Published Wednesday, Nov. 1, 2017 | 12:40 p.m.
Updated Wednesday, Nov. 1, 2017 | 5 p.m.
The race to replace Nevada’s term-limited governor gained another challenger with Wednesday’s official launch of Republican Attorney General Adam Laxalt’s campaign.
Laxalt will compete against Treasurer Dan Schwartz and political newcomer Jared Fisher for the nod from GOP voters. Clark County Commissioners Chris Giunchigliani and Steve Sisolak are facing off in the Democratic primary.
Gov. Brian Sandoval’s final term ends in January 2019, and he has not endorsed any candidates so far in the race to elect his replacement. He was not at Laxalt’s campaign announcement.
Laxalt says he has never supported the commerce tax that was passed by the 2015 Legislature, which steers money toward education. It’s unclear how he would fill the budget hole that eliminating the tax would cause.
“I support Gov. Sandoval’s desire to improve education,” Laxalt said in front of reporters after his speech. “I have the same desire … I’m confident we can make up the difference if the voters choose to repeal it.”
Sandoval has said K-12 and higher education would face cuts if the tax is repealed. He said any candidate who wants to cut that budget should explain to parents and teachers where the cuts are going to come from.
“It’s a slap in the face to parents, to kids, to students, to teachers, to the school system,” he said. “That’s almost a $400 million hole that that’s going to be made in the budget. How do you make that up?”
Lt. Gov. Mark Hutchison, who is not seeking re-election in 2018 and is serving as the campaign chair for Republican Sen. Dean Heller, introduced Laxalt and said “we don’t need another rudderless politician as the next governor of Nevada. What we need is an authentic, genuine, principled conservative like Adam Laxalt.”
After the speech, Laxalt told two reporters who asked about whether he’d continue Sandoval’s support for Medicaid expansion that he is going to wait to see what happens in D.C. Sandoval was the first Republican governor to expand Medicaid under the Affordable Care Act and has been vocal in his opposition to reforms that would harm the expansion or reduce the number of people with health insurance.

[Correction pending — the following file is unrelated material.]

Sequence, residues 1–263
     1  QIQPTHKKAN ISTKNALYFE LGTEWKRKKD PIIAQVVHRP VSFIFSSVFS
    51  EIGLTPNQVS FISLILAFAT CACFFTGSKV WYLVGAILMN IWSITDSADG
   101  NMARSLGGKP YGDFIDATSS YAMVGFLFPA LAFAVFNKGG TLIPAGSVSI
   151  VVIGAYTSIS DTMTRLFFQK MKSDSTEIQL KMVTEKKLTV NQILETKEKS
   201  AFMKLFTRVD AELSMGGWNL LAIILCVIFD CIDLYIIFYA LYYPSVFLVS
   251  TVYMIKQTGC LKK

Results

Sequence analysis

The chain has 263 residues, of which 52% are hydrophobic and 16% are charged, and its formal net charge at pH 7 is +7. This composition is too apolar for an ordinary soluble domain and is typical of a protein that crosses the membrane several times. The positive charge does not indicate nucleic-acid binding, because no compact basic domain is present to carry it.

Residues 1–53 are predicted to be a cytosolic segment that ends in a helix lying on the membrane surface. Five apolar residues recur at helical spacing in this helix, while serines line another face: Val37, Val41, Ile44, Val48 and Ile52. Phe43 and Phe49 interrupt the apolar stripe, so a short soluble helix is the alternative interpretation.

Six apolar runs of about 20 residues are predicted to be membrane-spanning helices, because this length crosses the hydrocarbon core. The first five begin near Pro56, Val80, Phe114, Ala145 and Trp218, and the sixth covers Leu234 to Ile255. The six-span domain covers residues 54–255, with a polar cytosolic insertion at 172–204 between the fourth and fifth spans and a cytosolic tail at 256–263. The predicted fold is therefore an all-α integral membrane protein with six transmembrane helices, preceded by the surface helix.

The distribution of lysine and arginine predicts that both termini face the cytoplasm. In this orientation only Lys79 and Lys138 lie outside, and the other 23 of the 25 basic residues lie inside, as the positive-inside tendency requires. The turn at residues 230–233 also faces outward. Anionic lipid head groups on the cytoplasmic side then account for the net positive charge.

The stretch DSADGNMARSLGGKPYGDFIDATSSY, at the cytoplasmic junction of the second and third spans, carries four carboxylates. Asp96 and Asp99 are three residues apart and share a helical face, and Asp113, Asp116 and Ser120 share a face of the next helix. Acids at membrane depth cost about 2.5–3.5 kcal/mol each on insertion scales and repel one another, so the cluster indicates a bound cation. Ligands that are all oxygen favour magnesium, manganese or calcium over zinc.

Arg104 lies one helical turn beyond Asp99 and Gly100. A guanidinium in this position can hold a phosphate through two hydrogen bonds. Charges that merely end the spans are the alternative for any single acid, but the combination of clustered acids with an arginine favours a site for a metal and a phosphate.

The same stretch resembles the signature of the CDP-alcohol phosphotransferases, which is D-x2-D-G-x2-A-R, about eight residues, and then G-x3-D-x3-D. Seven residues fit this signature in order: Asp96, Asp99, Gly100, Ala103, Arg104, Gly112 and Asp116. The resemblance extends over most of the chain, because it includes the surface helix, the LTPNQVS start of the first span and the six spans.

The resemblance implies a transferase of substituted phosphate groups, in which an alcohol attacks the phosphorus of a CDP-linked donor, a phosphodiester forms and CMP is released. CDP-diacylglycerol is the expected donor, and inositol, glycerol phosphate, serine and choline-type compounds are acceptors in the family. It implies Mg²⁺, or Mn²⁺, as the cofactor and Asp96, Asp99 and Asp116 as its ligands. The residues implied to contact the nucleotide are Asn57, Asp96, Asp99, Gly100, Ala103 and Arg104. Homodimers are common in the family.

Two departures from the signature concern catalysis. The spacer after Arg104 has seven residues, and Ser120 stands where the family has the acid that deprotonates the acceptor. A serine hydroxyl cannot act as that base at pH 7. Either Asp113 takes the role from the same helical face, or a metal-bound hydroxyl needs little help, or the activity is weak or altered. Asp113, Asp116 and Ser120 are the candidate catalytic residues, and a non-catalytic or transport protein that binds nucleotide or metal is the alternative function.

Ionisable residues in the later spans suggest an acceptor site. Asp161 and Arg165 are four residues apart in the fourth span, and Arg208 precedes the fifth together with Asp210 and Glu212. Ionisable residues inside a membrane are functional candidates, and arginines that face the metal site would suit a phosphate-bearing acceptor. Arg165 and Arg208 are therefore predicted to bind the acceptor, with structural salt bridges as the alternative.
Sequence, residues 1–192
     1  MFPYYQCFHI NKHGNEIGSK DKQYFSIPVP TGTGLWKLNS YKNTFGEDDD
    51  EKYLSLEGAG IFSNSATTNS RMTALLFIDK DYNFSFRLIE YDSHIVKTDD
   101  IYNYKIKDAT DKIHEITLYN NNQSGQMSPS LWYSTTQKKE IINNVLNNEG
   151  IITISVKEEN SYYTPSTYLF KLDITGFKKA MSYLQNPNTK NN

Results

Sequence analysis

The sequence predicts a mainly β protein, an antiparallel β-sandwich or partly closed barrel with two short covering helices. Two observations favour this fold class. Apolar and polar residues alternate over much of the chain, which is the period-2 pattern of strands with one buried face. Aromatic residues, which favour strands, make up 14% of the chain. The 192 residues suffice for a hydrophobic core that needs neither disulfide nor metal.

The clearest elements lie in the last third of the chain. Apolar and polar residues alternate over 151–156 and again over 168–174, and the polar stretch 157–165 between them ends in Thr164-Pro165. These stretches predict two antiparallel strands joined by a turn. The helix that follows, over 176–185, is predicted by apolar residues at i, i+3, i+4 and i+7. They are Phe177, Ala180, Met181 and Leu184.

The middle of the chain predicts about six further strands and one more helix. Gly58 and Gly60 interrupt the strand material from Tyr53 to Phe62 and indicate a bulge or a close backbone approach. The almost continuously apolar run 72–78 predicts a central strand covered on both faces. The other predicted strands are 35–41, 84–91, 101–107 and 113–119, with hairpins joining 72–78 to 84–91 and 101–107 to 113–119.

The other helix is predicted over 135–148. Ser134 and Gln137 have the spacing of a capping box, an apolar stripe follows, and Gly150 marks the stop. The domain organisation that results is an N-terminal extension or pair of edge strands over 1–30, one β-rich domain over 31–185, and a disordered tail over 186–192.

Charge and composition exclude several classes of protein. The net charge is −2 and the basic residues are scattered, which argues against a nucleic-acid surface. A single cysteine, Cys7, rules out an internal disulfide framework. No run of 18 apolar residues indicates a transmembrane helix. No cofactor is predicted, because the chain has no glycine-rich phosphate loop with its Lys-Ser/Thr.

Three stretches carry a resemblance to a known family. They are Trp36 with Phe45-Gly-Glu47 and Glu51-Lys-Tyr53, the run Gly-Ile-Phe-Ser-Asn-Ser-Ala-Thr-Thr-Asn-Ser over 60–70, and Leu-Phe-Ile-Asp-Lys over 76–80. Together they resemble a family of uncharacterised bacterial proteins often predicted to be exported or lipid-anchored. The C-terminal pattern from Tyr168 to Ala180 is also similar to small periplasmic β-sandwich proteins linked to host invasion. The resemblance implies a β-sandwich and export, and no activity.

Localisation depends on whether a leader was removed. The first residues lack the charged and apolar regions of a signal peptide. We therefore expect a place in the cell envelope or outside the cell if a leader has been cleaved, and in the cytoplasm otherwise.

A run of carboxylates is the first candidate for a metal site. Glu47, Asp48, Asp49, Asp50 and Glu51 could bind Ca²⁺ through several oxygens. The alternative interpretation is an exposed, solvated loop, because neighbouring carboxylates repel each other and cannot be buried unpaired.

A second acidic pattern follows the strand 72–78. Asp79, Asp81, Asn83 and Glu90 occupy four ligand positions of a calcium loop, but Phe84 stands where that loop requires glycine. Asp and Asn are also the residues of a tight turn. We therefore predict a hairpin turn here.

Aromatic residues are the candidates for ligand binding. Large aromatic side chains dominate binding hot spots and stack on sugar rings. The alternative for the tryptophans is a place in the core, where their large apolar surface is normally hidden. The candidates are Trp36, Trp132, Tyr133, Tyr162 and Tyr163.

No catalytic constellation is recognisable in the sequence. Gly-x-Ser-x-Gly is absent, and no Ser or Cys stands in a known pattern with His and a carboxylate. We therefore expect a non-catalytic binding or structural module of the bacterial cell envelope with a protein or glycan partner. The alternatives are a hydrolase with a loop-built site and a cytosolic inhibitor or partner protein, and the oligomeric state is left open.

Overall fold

Sen. Dean Heller, R-Nev., who is endorsing Laxalt in the race, was signed onto a failed GOP proposal to replace ACA funding with block grants. Sandoval joined a bipartisan group of governors in sending a letter to GOP leaders in Congress asking that they not consider the Graham-Cassidy-Heller-Johnson amendment. They urged a bipartisan approach.
Wednesday’s announcement was made in Las Vegas at Brady Industries, a company that donated $5,000 to Laxalt in 2015. Outside the event, supporters of Nevada’s unenforced gun background check law gathered on sidewalks and chanted statements like “we voted for background checks” and held signs criticising Laxalt.
“We are here to put pressure on Adam Laxalt,” said Elizabeth Becker, a volunteer and former chapter leader of Everytown for Gun Safety affiliate Moms Demand Action for Gunsense in America. “If he wants to be the governor, then we need to him him say, ‘I will enforce the law as governor and I will work with the FBI as other states have done to get background checks enforced.’”
Laxalt’s office has said the law is unenforceable without FBI cooperation, though advocates say other states have implemented systems where some background checks run through the state and others through the FBI. The unenforced law has prompted a lawsuit in which Mark A. Ferrario, counsel for Nevadans for Background Checks, lists Gov. Brian Sandoval and Laxalt as defendants.
Laxalt campaign spokesman Andy Matthews did not answer whether he thought gun background checks will be a major factor in this election.
“People are entitled to their point of view,” Matthews said before Laxalt announced his candidacy. “We anticipate that there are going to be some people who may show up and want to express a different point of view, and that’s fine.”
During the event, Laxalt spoke about his path to sobriety before he signed up for the armed services while he was in law school.
He cited his support for requiring testing to eliminate a backlog of about 8,000 sexual assault kits. Laxalt requested Assembly Bill 55 this past legislative session to solve the issue, but the bill died in committee and Democrats advanced their own measure instead.
Laxalt also pointed to his fight against sanctuary cities. This year, Laxalt was among attorneys general from 10 states to argue in a friend-of-the-court brief that a case against President Donald Trump’s executive order on sanctuary cities should be dismissed. The order said these communities could lose federal grants.
Prevent Sanctuary Cities PAC is pursuing a ballot measure for the 2018 election that would ban sanctuary policies in Nevada. The Legislature failed to advance a bill this year that would have allowed communities to enact “sanctuary” policies. State Sen. Michael Roberson, R-Henderson, who had been a proponent of the commerce tax in 2015, was in the audience for Laxalt’s announcement and is chairing the anti-sanctuary state PAC.
“The likely Democratic nominee for Governor, Chris Giunchigliani, has recently confirmed she would sign sanctuary state legislation,” Roberson said in an Oct. 30 statement. “Without safeguards and protections in place, we are one election away from Nevada becoming a sanctuary state.”
If elected governor, Laxalt said he would continue to stand against the proposed Yucca Mountain nuclear waste dump. Funding has been requested to revive the controversial project, and an Illinois Republican is pushing nuclear waste policy reforms related to Yucca Mountain.
Laxalt left Las Vegas on Wednesday for Reno, the second stop in a statewide tour that ends Nov. 7.